A strike by Chicago's teachers entered a second week today frustrating the city's mayor, Rahm Emanuel, and posing unwelcome risks for President Barack Obama whose own relationship with the country's unions has come under increased scrutiny.
Hopes had risen at the end of last week that a draft deal heralded an end to the dispute and classrooms in the city's sprawling public school system - the largest in the United States - would be filled with students again this morning.
At the weekend, however, union leaders said they need more time to study it.
The stalling by the union led the Emanuel administration today to seek a court injunction to force the teachers to abandon the picket lines and return to work. The aggressive move was defended by Mr Emanuel. "This was a strike of choice and is now a delay of choice that is wrong for our children," he said.
While the new contracts offer pay rises they also seek to make it easier to replace underperforming teachers, for instance with a new evaluation system that would take greater account of how their pupils actually perform in exams.
The mayor is also resisting demands that teachers who have been laid off are given priority for new job openings; he wants those positions to be assigned simply on merit.
As his former Chief of Staff, Mr Emanuel is closely identified with Mr Obama. The White House has so far eschewed any direct involvement in the Chicago strike. But the President depends on union support for election funding and get-out-the-vote efforts. Anything that associates him with Mr Rahm's perceived assault on the teachers' union could be perilous.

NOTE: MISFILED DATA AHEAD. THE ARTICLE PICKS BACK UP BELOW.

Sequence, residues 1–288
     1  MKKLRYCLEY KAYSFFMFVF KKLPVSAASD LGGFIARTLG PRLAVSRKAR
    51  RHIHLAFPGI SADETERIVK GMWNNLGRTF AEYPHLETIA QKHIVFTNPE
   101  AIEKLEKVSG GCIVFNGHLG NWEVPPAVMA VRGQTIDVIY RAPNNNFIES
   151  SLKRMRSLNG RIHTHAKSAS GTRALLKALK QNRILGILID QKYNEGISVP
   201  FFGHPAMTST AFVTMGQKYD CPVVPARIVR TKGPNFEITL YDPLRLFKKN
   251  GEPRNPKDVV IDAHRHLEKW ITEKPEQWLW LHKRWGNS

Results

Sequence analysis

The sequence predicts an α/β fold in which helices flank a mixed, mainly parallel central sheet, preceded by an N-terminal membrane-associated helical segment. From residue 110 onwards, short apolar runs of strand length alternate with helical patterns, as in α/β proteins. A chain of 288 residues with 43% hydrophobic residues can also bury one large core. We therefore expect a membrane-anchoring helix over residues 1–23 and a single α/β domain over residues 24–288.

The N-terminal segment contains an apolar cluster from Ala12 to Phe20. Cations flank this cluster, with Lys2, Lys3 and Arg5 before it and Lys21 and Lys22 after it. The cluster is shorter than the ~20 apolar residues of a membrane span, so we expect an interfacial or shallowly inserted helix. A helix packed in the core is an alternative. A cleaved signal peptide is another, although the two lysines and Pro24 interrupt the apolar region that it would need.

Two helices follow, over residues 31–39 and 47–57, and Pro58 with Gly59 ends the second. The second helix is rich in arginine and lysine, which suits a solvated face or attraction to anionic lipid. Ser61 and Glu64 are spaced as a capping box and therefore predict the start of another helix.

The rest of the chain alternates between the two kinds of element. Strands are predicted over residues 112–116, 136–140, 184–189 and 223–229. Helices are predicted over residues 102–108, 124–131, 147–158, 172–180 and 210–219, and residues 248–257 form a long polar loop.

"There's no doubt that this hurts President Obama," Michael Petrilli of, executive vice president of the Thomas B. Fordham told the New York Times. "He needs teachers to be energised and to go out and knock on doors and man phone banks for him. Right now they're watching his former chief of staff go toe to toe with the teachers' union in Chicago. This is not a position that the President wants to find himself in."
Many teachers in Chicago, a city that has seen a rash of street violence over the summer and where urban poverty is widespread, contend that it is wrong to evaluate teachers on the results of standardised tests because so many of their pupils come to school burdened by home difficulties that they cannot control.
The teachers' union said that because of a Jewish holiday it would return to consider the draft deal until today. "There's no trust for our members of the board," Chicago Teachers Union president Karen Lewis told reporters. "They're not happy with the agreement. They'd like it to actually be a lot better."
But some outside observers believe that the teachers would do well to accept what is on offer. "I'm hard-pressed to imagine how they could have done much better," said Robert Bruno, a professor or labour relations at the University of Illinois at Chicago. "This is a very impressive outcome for the teachers."